When do businesses receive the incentives?
Businesses prefer to receive a dollar today rather than tomorrow because postponing the payment means it will be devalued by inflation, risk, and other factors and may cause a firm to defer or miss opportunities for investment and growth. Therefore, a front-loaded program is more valuable to the recipients, has more influence over their decisions to invest, and is more cost-effective than if the incentive were spread over many years. Although an incentive delivered far in advance of the business’s investment can be wasted if the company does not follow through on its plans, incentive payments that coincide with agreed-upon job creation targets can provide a high value to businesses while protecting public resources. Evaluations should carefully consider how the timing of incentive payments affects their value to businesses.
Does the program help businesses overcome practical barriers to growth?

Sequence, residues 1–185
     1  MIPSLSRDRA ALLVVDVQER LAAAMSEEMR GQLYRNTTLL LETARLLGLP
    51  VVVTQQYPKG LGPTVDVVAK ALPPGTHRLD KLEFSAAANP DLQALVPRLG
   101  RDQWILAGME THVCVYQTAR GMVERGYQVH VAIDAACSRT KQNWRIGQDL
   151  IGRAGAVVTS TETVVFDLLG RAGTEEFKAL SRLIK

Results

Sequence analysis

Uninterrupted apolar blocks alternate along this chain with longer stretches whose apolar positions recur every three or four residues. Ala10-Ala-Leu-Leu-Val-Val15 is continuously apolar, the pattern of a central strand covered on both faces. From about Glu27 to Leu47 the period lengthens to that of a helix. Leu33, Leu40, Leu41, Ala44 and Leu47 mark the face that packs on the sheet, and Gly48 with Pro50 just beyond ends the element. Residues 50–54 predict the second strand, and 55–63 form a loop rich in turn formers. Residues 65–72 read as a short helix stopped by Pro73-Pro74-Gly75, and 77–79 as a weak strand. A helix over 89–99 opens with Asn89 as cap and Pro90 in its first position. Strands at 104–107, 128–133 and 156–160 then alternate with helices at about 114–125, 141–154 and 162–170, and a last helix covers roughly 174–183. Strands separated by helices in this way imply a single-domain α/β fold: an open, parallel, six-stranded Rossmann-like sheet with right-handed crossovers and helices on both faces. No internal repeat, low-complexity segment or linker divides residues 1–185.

Unlike tax credits and other financial incentives whose value to companies roughly equals their costs to state or local governments, certain high-quality business services could provide a value that significantly exceeds their costs. For example, manufacturing extension programs offer smaller manufacturers advice on finding new markets and improving productivity, and customized job training programs work with businesses to ensure that they have access to a qualified workforce. Although many businesses invest in these services on their own, small and medium-sized firms often face uncertainty about the quality of the services, difficulty borrowing to pay for them, or the risk of losing trained workers, which can all prevent companies from making otherwise profitable investments. Therefore, when tailored to help small and midsize companies overcome these barriers, such services could have much larger positive impacts on business expansion and job creation than a financial incentive with the same cost. Evaluations should consider whether incentives are designed in a way that helps businesses overcome such barriers or that simply provides a financial inducement.